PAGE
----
It’s unsurprising that observing Alzheimer’s from the outside augments one’s own awareness of memory. Peering into the orchestra pit, I recall Oma taking me to see The Nutcracker. It occurs to me that A Passage to India is her favorite book, and that I haven’t read it. Driving home, down a street near her house which a few years ago endured a prolonged overhaul, I think of Oma joking about the big orange sign on the sidewalk: ‘Slow Men At Work’. I pour a late-night bowl of cereal, and remember the way Oma, when she was staying with us, would take all the cereal boxes out of the pantry in the morning and place them on the kitchen table. I glance at the mail and think of the letters, into the hundreds, that we exchanged when I was in college. She always told me to throw them out, but I’ve kept every one.

“I’ve been meaning to write,” she says to me often these days, “but I just keep forgetting.”

“It’s okay,” I say, “I keep forgetting too.”

Oma and Yvonne

A part of me is glad she hasn’t written. I broke down reading her last letter, about a year ago, right after she was diagnosed. Oma, always the clever poet, wrote in uncharacteristically wavering cursive:

Dearest Yvonne, I am not good at writing notes. (Maybe I wrote you already?) My mind is kaput. I feel I just wrote to you. Help me out! What day is it? March 12? You are taking care of yourself? I read your article! I write so sloppy- old age. Mommy is taking good care of me all the time. Don’t worry. Don’t work too hard – I know I wrote this already! Tell me if I am losing it? Sweet hugs & thoughts & kisses for all, especially you.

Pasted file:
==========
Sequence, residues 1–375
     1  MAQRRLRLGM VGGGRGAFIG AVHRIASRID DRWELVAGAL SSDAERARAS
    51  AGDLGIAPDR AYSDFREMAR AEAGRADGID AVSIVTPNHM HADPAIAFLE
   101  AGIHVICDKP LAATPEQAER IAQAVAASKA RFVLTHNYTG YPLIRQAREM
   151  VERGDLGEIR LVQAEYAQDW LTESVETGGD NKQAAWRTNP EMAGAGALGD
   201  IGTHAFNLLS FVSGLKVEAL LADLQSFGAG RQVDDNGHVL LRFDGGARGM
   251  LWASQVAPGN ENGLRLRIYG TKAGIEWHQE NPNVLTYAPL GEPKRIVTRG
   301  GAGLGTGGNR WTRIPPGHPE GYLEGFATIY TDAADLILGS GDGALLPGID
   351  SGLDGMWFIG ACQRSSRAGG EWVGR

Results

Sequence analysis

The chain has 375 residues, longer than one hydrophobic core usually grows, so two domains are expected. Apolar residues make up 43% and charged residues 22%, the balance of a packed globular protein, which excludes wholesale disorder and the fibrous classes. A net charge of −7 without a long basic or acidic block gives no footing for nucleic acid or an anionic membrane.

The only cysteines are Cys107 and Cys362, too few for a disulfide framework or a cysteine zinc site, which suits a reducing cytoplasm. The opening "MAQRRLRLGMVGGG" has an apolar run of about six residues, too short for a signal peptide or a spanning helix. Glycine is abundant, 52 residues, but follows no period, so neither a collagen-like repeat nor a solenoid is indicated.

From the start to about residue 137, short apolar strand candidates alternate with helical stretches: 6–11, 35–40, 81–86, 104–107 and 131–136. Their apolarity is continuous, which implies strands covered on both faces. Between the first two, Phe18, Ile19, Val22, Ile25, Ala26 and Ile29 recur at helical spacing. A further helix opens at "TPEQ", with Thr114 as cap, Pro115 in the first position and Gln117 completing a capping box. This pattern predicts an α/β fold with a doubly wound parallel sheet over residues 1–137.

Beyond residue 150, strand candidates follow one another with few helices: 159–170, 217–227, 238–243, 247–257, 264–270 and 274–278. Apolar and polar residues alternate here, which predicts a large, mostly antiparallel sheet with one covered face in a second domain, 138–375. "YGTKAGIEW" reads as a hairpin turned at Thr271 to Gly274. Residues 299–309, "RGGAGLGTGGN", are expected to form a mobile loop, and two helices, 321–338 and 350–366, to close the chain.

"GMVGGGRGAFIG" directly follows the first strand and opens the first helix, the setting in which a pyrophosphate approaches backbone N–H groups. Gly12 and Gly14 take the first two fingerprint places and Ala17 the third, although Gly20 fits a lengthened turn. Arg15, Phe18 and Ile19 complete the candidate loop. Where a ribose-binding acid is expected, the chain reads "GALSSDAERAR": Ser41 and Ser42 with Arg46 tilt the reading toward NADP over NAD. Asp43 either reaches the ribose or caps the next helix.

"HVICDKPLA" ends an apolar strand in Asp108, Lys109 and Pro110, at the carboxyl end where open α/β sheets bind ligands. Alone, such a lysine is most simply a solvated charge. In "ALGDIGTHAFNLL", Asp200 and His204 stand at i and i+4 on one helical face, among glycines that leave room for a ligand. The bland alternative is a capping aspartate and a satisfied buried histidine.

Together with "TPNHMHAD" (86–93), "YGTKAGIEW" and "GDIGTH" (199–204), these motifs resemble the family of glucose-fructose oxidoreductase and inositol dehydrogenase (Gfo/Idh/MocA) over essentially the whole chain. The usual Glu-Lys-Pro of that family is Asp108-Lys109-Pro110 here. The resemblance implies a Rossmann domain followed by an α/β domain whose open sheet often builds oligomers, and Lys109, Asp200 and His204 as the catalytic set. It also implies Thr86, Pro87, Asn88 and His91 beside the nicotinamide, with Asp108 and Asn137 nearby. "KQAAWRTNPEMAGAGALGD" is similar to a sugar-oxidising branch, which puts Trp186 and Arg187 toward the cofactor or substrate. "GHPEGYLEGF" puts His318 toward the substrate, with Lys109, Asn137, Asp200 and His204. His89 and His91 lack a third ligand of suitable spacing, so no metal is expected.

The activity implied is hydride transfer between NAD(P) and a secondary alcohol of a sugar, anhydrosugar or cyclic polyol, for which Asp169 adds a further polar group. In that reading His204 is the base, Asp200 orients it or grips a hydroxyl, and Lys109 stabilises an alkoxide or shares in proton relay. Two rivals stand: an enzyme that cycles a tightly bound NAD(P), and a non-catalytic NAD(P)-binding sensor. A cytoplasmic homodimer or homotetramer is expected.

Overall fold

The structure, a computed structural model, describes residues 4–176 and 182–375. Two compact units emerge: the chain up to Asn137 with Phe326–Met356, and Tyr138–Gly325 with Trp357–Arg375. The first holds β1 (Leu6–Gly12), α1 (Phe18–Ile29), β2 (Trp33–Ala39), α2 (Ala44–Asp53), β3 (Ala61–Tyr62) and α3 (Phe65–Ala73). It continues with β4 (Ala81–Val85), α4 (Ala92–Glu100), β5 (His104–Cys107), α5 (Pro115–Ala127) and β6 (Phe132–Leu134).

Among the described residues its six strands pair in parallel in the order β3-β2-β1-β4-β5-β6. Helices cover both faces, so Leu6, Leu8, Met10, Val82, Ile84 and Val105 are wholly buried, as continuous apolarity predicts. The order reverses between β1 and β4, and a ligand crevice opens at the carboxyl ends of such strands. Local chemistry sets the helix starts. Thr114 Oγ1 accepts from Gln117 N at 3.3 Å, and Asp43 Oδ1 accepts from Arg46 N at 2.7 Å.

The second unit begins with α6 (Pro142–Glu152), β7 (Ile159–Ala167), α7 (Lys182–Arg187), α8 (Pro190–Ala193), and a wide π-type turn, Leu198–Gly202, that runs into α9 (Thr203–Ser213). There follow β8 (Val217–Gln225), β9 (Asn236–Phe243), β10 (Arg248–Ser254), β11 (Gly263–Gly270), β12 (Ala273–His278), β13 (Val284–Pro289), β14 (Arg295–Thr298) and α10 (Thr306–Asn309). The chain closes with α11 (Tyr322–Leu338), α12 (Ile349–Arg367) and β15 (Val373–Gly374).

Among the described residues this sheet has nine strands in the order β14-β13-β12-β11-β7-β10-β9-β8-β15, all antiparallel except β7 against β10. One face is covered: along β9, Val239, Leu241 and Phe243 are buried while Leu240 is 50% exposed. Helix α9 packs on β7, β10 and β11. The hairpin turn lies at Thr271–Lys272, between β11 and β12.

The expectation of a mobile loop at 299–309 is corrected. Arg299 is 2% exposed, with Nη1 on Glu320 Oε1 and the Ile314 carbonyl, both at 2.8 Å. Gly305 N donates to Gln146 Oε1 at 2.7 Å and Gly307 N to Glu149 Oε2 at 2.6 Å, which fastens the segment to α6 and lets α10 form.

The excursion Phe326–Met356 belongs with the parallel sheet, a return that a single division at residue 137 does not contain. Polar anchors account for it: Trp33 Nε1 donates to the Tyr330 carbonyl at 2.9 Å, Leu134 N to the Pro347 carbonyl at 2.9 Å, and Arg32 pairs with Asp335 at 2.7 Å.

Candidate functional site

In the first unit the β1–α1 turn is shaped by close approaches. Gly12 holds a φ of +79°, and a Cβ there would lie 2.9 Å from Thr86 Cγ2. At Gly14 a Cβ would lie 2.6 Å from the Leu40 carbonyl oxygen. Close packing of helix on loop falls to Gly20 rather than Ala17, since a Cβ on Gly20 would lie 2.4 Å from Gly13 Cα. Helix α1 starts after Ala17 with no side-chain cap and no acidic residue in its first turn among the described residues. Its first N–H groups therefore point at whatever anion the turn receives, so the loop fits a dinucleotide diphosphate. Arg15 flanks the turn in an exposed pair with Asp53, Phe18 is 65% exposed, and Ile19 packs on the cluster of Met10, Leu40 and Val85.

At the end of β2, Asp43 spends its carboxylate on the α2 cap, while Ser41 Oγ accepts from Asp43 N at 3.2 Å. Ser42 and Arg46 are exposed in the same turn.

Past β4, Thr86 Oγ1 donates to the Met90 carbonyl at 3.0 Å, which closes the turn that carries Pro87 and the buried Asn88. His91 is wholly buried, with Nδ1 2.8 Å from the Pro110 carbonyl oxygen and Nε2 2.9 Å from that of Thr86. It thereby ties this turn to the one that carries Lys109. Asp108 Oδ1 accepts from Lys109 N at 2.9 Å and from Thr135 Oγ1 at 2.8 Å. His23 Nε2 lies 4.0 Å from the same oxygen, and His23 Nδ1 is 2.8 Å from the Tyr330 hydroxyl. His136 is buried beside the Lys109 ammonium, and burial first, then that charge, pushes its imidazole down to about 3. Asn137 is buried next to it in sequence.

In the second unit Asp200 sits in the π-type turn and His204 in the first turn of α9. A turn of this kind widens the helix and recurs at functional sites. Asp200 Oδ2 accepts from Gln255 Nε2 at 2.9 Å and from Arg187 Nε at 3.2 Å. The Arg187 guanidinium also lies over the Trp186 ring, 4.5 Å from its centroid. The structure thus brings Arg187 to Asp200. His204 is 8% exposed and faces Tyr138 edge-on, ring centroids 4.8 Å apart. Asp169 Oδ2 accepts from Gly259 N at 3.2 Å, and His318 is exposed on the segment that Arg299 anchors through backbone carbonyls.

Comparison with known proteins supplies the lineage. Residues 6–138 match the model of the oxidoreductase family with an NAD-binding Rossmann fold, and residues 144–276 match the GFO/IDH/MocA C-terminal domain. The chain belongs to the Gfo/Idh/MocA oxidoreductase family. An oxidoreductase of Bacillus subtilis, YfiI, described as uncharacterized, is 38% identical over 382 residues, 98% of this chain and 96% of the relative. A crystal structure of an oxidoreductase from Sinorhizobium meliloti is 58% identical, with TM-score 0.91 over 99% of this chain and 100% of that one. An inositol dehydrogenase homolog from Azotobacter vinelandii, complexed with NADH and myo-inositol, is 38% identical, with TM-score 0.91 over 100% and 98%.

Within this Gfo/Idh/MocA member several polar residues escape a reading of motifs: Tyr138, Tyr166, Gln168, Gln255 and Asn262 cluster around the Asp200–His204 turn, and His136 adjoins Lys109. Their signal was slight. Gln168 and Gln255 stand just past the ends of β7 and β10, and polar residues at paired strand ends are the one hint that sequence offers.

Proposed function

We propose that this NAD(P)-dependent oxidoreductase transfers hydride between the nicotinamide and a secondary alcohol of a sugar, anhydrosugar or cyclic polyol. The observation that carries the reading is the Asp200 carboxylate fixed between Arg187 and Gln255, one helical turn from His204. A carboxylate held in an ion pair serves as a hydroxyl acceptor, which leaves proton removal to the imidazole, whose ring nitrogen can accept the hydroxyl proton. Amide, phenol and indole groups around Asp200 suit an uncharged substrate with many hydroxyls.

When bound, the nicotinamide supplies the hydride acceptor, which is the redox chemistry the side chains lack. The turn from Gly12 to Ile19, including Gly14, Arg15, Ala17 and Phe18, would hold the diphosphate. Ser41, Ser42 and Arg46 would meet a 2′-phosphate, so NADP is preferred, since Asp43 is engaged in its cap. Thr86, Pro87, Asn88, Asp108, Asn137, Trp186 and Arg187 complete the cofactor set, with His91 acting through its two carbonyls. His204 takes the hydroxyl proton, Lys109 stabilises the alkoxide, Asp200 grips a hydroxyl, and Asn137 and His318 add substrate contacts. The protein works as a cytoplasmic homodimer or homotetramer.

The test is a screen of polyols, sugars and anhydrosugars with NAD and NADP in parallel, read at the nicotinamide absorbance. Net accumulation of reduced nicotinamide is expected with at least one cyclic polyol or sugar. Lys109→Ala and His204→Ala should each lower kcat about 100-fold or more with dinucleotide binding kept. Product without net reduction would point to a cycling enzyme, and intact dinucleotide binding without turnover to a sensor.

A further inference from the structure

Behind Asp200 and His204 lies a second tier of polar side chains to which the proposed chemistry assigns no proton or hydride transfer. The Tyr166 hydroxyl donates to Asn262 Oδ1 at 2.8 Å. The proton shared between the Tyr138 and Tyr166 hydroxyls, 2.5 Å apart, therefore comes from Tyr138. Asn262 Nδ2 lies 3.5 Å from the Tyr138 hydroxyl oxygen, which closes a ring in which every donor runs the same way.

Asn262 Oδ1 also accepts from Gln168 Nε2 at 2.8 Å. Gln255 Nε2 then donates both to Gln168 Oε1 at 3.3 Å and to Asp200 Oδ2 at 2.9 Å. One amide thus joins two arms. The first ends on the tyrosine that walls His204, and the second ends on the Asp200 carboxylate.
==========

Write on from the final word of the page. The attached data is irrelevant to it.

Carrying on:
Love, Oma

I cried because I sensed the first tremor of the coming avalanche, and because I understood the best we could do was brace ourselves and hold her close to cushion the fall.

Young Oma

Peripheral reminders are everywhere. A block of Post-it notes invokes memories of marathon scavenger hunts at Oma’s house. I see an advertisement for a bridal store on television, and realize I’ve never asked her about her wedding. These reminders are not piercing because they’re nostalgic; they are piercing because they come with the knowledge that for Oma, they are dropping away. There’s insufficient time. We remember, and she forgets, we remember, and she forgets; a devastating and infuriating stasis. If only I could scream at this disease and scare it off, I would gather the memories to make her whole again. I cannot conceive of what it’s like for my mother, her heroic caretaker.